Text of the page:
You and your canines can beat the winter blues
I usually reserve spelling out that word when making a comic book reference or discussing Don Martin’s MAD Magazine cartoons.
In this case, I’m referring to the sound of the remarkably powerful tail of our recently rescued Australian Shepherd. That rhythmic thwack is her wake-up call. It keeps time on the pillow over my face better than any metronome. Sometimes, she’ll thwack me good on my forehead, which is quite the unwelcoming alarm. Other times, she’ll thwack it so hard against the bedroom door that our hallway sounds like we live in an echoing castle.
After plunking a generous handful of ice cubes into my iced coffee, I send her out back to do her morning biz. We are blessed with a fenced-in yard, so I suppose those early morning thwacks aren’t that bad.
Named by our daughter after the Jedi apprentice of Anakin Skywalker (that’s his name before his Darth Vader days), Ahsoka’s wild red merle pattern blends in perfectly with the chaos of our family. She also has a bit of mystery to her. Abandoned by her previous family at only four months old, Ahsoka was rescued by New Jersey’s Friends for Life Animal Rescue, which drove her up from Texas to a deserted office park in Morristown. On that rainy Saturday morning, a van pulled up carrying about a dozen rescues. The driver gently handed me our nervous and shivering new family member.
Needless to say, very little has been the same since. And I mean that in the best possible way.
I don’t want to make it sound as if our lives have been Shangri-La during the last four months. We’ve worked hard to get her housebroken. We’ve successfully tamed her counter-surfing tendencies, but there’s more training to be done. Our kids are old enough to take some responsibility. It’s been stunning to watch how quickly they’ve found a bond with Ahsoka without ignoring Akashi, our five-year old rescue from Puerto Rico who’s been part of the fabric of our family since 2019.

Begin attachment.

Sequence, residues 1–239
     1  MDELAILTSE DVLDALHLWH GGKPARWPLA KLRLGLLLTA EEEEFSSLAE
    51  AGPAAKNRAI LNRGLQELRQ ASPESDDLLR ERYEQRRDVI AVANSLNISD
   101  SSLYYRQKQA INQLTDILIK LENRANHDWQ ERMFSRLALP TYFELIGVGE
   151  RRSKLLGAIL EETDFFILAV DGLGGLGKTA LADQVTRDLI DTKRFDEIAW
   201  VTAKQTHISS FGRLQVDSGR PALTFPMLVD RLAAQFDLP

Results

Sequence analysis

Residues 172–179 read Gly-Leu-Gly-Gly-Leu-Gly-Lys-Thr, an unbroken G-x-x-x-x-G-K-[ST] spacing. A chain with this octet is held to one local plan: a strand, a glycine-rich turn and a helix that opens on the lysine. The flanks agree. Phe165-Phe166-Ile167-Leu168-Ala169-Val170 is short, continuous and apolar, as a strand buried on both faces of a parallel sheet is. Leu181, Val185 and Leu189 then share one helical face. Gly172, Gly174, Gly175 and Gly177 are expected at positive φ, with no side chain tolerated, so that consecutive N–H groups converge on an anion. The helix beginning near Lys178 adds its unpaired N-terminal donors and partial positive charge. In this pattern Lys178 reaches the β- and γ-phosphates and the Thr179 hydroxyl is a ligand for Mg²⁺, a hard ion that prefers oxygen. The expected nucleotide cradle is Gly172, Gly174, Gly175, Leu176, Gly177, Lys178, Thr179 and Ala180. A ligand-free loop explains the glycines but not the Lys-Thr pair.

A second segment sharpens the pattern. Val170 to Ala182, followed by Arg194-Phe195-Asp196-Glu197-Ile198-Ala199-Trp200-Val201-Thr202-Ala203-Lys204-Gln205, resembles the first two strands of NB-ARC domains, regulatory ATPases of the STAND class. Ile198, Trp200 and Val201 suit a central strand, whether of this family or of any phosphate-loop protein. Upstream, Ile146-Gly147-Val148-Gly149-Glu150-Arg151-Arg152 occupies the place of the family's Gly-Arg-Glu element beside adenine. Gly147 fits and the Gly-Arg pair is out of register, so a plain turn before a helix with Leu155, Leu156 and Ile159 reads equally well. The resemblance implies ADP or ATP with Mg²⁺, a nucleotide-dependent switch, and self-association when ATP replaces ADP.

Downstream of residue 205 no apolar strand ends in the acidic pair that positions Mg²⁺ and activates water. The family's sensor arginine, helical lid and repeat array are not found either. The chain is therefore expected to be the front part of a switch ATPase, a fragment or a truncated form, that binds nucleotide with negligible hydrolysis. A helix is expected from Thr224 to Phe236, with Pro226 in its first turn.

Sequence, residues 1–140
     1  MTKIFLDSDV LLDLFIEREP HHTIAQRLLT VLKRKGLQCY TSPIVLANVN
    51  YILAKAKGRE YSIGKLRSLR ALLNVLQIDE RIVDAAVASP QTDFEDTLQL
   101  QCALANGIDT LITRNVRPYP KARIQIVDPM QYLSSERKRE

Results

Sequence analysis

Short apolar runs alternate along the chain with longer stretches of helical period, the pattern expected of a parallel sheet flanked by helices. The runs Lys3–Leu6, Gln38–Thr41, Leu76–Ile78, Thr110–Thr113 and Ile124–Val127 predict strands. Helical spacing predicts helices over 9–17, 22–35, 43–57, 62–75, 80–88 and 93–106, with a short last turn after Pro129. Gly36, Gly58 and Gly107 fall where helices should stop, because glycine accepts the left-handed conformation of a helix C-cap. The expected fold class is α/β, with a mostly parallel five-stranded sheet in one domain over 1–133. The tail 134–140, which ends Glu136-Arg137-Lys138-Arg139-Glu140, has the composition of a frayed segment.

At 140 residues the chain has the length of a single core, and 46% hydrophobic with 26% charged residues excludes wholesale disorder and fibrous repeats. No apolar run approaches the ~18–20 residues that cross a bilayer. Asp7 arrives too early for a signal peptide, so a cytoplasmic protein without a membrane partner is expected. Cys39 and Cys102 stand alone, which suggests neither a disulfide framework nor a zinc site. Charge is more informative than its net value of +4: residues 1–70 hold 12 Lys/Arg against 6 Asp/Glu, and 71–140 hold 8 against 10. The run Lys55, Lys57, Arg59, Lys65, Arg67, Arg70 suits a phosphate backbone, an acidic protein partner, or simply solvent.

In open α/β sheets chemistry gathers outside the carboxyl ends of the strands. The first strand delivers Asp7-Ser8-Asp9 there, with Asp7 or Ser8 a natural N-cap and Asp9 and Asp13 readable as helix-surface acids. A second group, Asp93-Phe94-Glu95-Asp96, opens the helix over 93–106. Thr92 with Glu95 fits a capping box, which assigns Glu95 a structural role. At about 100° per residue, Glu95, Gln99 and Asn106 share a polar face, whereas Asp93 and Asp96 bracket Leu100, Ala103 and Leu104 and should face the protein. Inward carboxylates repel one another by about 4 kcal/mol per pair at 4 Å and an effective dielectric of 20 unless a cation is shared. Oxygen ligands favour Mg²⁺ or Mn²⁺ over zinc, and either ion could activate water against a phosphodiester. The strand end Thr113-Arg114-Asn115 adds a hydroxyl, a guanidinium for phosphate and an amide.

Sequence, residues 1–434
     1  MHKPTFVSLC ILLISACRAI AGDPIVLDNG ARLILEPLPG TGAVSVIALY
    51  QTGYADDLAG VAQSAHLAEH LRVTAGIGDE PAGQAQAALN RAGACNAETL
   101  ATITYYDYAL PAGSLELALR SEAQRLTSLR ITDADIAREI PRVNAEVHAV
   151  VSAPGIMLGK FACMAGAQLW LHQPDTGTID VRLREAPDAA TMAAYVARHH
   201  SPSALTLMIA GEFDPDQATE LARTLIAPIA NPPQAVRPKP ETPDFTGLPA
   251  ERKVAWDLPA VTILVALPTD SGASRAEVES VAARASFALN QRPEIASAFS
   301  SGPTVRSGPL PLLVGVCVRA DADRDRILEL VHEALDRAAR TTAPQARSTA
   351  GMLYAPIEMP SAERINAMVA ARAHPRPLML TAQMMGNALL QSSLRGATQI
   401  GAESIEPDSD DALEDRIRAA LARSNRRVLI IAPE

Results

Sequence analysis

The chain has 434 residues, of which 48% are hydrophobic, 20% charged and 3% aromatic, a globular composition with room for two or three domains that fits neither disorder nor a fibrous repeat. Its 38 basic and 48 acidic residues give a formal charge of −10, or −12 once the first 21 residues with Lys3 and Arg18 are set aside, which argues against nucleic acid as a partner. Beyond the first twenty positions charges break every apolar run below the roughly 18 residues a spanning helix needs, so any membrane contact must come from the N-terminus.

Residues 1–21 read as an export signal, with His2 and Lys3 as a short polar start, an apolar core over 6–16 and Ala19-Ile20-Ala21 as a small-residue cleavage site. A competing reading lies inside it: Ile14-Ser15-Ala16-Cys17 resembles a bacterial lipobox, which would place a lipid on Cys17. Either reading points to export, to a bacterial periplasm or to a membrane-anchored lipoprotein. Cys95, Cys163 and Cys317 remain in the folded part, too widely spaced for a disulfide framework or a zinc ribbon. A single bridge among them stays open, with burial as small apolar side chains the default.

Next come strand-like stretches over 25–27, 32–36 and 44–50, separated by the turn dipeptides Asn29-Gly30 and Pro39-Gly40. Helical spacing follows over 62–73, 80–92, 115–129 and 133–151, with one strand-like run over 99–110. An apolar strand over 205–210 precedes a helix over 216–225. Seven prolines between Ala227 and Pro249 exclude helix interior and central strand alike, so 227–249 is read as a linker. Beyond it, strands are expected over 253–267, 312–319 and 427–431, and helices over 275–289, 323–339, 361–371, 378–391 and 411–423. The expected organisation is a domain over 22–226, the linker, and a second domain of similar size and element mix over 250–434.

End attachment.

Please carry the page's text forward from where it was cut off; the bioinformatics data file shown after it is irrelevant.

Now that the humdrum of winter is upon us, it’s time to double-dog-down on our commitment to the health of our rescues. The chilly temps and inclement weather are not acceptable excuses for keeping our pooches inside. Australian Shepherds, like other herding breeds, are known to be super intelligent, high-energy dogs who need a generous amount of exercise to keep them challenged. Doggie puzzles are nice, but the great outdoors is nicer. “Do you know what you’re getting yourself into?” asked the rescue agency during our adoption interview. We did. And we were as ready as we could be.
I can share with you that the dogs and I have started out 2024 on a high note. This will be my second year taking part in the St. Jude Children’s Research Hospital January Dog Walk Challenge. I’ve committed to walking the dogs 40 miles this month while fundraising for a very good cause. When I signed up last year, I was shocked at how generous folks were with their donations. I expect the same response this year from my fellow humans.
This is the sensible point to naturally transition into details about walking our energetic pooches. Problem is, said energetic pooches are currently staring at the back of my head as I write this. It’s a not-so-subtle demand that I take them for a walk immediately. So pardon this brief pause, although there is something truly meta-caninical about this moment that I thought appropriate to share.
Now that Akashi and Ahsoka are chomping treats under my desk (loudly, might I add), I am thinking about how challenging it might be to walk a little over a mile per day with these dogs. Akashi takes great pride in marking every vertical object that he passes. Ahsoka enjoys laying down on the job, getting coaxed by a treat, and zigzagging up the trees in case a squirrel is nearby. Honestly, it can be surprisingly arduous at times. They can be real slowpokes.
In addition to setting a manageable goal and making sure I get outside in the January muck, it’s a benefit to the dogs to give them a steady ritual during times when physical activity can be easily derailed. Although there’s no scientific proof that dogs are susceptible to Seasonal Affective Disorder, there is evidence that canines have shifting levels of melatonin during the winter.
I’ll leave the canine pineal gland scientific debate to the professionals. My priority is to keep the family healthy during the winter months. Our kids may not like the concept of “less screens, more inclement weather,” but we’re going to sell it to them as their responsibility to the dogs. Because let’s be honest: We know our pups are the ones that really run the household. And hopefully, that powerful thwack of Ahsoka’s tail may be more gentle tomorrow morning because the pups are exhausted and need some extra winks.
Donny Levit is a writer, Maplewood resident, and dog enthusiast. At times, he lost focus writing this essay because he was staring at his dogs.